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Post by Djemps » Mon Apr 12, 2010 4:58 pm

Hi Phayze, thanks for the compliments. :D

But in all honesty, a flashy video doesn't mean much if the exercise movement isn't of any use. I hope lots of people will try this movement for a few weeks and report back and let us know if it felt effective.

Yes, the cross step is right there in the video. I haven't tried it myself because I just wanted to work on creating an exercise that wasn't too complicated. But for those of us who are quick on our feet, it might be very useful to include. I think I will go try it out today.

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Post by Finnigan » Wed Apr 14, 2010 5:03 pm

I finally got to view the video. Great work, and great investigative work! I enjoyed your other videos as well. Thanks a bunch!

I will try out the move and report back in a while.

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Djemps
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Post by Djemps » Sat Apr 24, 2010 5:40 pm

So I've been shugging with a 10lb sledge and it works great for me. This is the weight I used when coming up with the 'Fire Coal' movement. Just last night I was helping a buddy clean up his property in the country and we found an old home-made sledgehammer with a metal pipe for a handle. It must have been at least 16lbs and possibly more. I tried the 'Fire Coal' movement with this beast and immediately I felt my Abs getting a workout. So I was happy to see that the movement does place a target on the Abs, but now I'm wondering if you need to bump up your sledge's weight to something John Henry would swing before you can truly reap the benefits of 'Fire Coal'.

The point of Shovelglove is to be a simple system without having to purchase multiple weights etc... so I don't want to head in that direction if I don't have to. Has anyone else been trying this move with a reasonable weight hammer and felt a good workout?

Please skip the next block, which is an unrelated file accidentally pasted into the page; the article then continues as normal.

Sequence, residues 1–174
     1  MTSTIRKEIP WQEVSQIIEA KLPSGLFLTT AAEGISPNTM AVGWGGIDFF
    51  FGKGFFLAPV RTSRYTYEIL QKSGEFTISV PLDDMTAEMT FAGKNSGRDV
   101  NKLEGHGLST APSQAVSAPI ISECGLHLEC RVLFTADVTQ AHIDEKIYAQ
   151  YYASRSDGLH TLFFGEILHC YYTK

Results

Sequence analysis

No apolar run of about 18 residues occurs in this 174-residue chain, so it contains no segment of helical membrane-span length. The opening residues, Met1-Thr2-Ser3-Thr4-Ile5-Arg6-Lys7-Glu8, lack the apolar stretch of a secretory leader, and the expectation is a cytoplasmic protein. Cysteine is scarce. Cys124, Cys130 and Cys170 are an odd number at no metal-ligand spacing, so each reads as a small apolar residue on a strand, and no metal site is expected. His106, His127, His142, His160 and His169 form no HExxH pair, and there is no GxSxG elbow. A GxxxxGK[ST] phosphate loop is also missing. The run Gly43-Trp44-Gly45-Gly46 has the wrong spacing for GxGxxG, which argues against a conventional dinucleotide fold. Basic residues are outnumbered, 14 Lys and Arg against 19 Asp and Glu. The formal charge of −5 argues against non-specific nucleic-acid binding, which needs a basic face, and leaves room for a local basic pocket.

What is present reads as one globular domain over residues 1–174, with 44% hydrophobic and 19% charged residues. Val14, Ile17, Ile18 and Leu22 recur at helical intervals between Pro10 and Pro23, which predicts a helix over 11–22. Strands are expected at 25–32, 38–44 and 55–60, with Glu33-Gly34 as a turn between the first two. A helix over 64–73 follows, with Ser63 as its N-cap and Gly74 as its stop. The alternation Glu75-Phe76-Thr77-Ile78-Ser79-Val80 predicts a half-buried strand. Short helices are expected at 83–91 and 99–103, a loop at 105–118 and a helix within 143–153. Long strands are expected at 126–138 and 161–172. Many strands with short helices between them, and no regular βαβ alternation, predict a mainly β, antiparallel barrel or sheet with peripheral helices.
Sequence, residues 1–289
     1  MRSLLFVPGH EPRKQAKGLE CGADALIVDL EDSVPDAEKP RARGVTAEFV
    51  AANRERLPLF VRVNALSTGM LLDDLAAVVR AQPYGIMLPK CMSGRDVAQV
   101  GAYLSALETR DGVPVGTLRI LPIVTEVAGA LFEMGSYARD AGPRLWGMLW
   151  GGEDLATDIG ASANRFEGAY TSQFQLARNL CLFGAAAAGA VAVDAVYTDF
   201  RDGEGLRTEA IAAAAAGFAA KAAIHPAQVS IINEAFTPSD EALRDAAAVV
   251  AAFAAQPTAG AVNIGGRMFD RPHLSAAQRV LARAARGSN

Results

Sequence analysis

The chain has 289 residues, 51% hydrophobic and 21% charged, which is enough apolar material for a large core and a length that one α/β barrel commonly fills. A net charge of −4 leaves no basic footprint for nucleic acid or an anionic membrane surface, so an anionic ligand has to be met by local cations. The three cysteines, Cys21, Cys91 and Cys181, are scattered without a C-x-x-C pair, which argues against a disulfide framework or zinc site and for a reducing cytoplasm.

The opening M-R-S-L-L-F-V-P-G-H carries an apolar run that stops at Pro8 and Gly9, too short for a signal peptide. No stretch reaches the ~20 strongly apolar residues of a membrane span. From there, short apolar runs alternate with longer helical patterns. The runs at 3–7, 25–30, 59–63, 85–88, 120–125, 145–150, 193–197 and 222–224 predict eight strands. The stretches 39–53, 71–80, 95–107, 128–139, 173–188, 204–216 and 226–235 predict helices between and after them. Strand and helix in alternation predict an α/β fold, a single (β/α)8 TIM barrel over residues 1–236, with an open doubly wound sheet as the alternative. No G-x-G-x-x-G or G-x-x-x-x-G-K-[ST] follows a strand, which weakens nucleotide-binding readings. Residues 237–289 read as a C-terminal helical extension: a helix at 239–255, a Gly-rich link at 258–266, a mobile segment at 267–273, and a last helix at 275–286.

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Post by reinhard » Fri May 07, 2010 3:18 pm

Djemps,

This is awesome -- I'm so sorry it's taken me forever to take a look at it (just started a new job a few weeks ago and it's been a little distracting :-))

I LOVE the historical footage. My final-cut-pro-understanding brother is planning on visiting in June to shoot a shovelglove dvd -- I'd love to stick stuff like this in for each of the moves (assuming we can get away with it in term of copyright). I'd also love to stick in some "user contributed footage" (with permission, of course) but it's possible that might take too much legal black magic for me to afford. In any case, if I'm even loosely inspired by anything you or phazye or others have posted (as I'm sure I will be) I'll make sure you get in the credits.

In terms of the "fire oven" move, it looks like a "composite move:" shovel + stoke oven (though I guess the transition is also important, and there's that twist at the end).

Reinhard

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phayze
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Post by phayze » Sun May 09, 2010 7:09 am

I can't speak for anyone else, but I'd more than happy to sign a talent release for any of my footage you'd like to use. The downside, though, is that the stuff I've posted is pretty low-rez, and I don't have the raw versions anymore.

Email me if you're interested, and maybe I can convince the lady of the house to help me re-shoot some stuff.
1 Picture = 1,000 words
0:01s Video = 30 pictures
therefore, 0:01s Video = 30,000 words